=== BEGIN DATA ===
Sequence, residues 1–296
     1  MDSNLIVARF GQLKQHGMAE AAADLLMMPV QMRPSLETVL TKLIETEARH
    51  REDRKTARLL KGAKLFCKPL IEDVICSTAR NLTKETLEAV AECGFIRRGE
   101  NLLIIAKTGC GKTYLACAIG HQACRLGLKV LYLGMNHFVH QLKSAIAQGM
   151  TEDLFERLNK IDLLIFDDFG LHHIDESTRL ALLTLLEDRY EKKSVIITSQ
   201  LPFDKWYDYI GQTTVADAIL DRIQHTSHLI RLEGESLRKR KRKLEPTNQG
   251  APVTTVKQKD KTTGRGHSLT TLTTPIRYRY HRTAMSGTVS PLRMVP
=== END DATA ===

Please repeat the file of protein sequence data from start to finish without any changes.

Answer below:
Sequence, residues 1–296
     1  MDSNLIVARF GQLKQHGMAE AAADLLMMPV QMRPSLETVL TKLIETEARH
    51  REDRKTARLL KGAKLFCKPL IEDVICSTAR NLTKETLEAV AECGFIRRGE
   101  NLLIIAKTGC GKTYLACAIG HQACRLGLKV LYLGMNHFVH QLKSAIAQGM
   151  TEDLFERLNK IDLLIFDDFG LHHIDESTRL ALLTLLEDRY EKKSVIITSQ
   201  LPFDKWYDYI GQTTVADAIL DRIQHTSHLI RLEGESLRKR KRKLEPTNQG
   251  APVTTVKQKD KTTGRGHSLT TLTTPIRYRY HRTAMSGTVS PLRMVP